Who doesn’t love LEGO? My 4-year-old son does, my 34-year-old husband does….it’s something that you just never grow out of. Which explains the hours of time and effort that some people put into creating, not just a tiny fire engine, but life-size Lego models, or elaborate dioramas. Yes, these are serious hobbyists and these models are not to be touched by children. Be prepared to be amazed and a little overwhelmed by our Top 10 Most Awesome Lego Models.
10. James May’s House
This first effort was made for a TV show. British presenter James May completed a series of challenges where he built life-size, working models of things using kids’ toy kits. The Meccano bridge and the giant Scalectrix track were impressive, but the most iconic had to be this Lego house, with its Lego furniture to go with it and even a Lego cat. Strangely enough, the idea of the Lego bed never caught on (it’s probably a bit bumpy), and neither did the Lego toothbrush. As houses go, it wasn’t the most comfortable- the soft furnishings were somewhat hard – but it looked good and it was relatively quick to build, although it did require 1,000 helpers and 3.3 million bricks. The house was eventually demolished in 2010, after it failed to find a new owner despite an enthusiastic Facebook campaign to save it.
9. Obama’s Inauguration
President Obama has often shown signs of his geeky side, so I imagine he was thrilled when his (first) inauguration ceremony was recreated in Lego-scopic detail. Unveiled at Legoland California in January 2009, it features a replica of the Capitol Building, along with over 1000 figures made out of bricks (not the minifigs that you’d expect). A Lego Aretha Franklin belts out a tune, while little onlookers queue for the Portaloos. Obama’s presidency represented a huge leap forward in African-American equality, and it was a great way to celebrate that moment, as well as being an impressive feat of Lego construction.
8. Kennedy Space Center
Another American icon next, in this reproduction of the Kennedy Space Center. Using over 750,000 bricks, it took 2,500 hours to build and features replica spacecraft such as the Saturn 1B Rocket. One focal point is the Vehicle Assembly Building, which is 6ft tall by 8ft long and there is also a 6ft high rocket.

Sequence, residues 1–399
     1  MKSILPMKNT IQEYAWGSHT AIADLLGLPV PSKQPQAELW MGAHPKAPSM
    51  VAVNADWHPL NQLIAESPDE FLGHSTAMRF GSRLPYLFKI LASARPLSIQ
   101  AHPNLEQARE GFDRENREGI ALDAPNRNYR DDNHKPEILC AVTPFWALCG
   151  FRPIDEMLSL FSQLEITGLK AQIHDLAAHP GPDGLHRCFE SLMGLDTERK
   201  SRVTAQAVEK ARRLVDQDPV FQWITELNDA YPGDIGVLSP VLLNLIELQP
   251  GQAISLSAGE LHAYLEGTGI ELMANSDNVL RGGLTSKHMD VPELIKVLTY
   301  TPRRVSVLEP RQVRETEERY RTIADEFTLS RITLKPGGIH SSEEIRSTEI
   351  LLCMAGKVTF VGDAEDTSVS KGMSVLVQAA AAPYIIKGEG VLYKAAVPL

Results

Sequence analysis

It’s all part of a long running partnership between NASA and Lego, which has seen Lego being taken into space, as well as space being recreated by Lego. Leland Melvin of NASA described is this way: “Partnering with The LEGO Group is a perfect fit. We have taken the excitement of NASA’s missions and coupled that with kids’ love of creating things with the iconic LEGO bricks.” In other words, geeky kids love Lego, NASA wants to recruit those trainee geeks at an early age….it’s a match made in heaven (or such should that be “a match made in Alpha Centauri”?) And this project is certainly an impressive result of the partnership.
7. Church of Christ
There seems to be some mystique about the next entry – perhaps appropriate, given that God moves in mysterious ways. In at least one place, it is listed as an internet myth, albeit a true one, and the website of the creator – computer programmer Amy Hughes – no longer functions, with the homepage bearing a message that says “This page is intentionally left blank”. So, information about the intricate Lego church is not forthcoming, but it is said to contain 75,000 bricks, including hundreds of minifigs sitting in pews. There are mosaics, an organ, a pulpit and an altar, and it’s a beautifully detailed work. It’s called The Church of Abston – Abston being a fictional town named after Acrylonitrile Butadiene Styrene, the plastic used to make Lego. Before taking her site down, Amy Hughes also posted some pictures of her cat sitting inside the construction. Maybe it was meant to be a Cat-o-lic church?
Taking on one building is a huge feat – taking on an entire city is another thing entirely. The model of London at Legoland Windsor (just outside London, so not as meta as it could be) took 24,000 hours to build and features such landmarks as the Palace of Westminster, Tower Bridge and 30 St Mary’s Axe ( better known as The Gherkin). Most remarkably, they recreate the London Eye in a perfect circle. even though anyone who’s built with Lego will tell you how difficult it is to achieve any kind of smooth curve. I still don’t know how they did it.
The rest of the model is almost as impressive, with London’s features reproduced faithfully, down to the tiny “Duck Tours” boat crossing Westminster Bridge. Altogether, the Lego London contains 13 million Lego bricks, and covers an area of 330m2. An amazing Lego metropolis!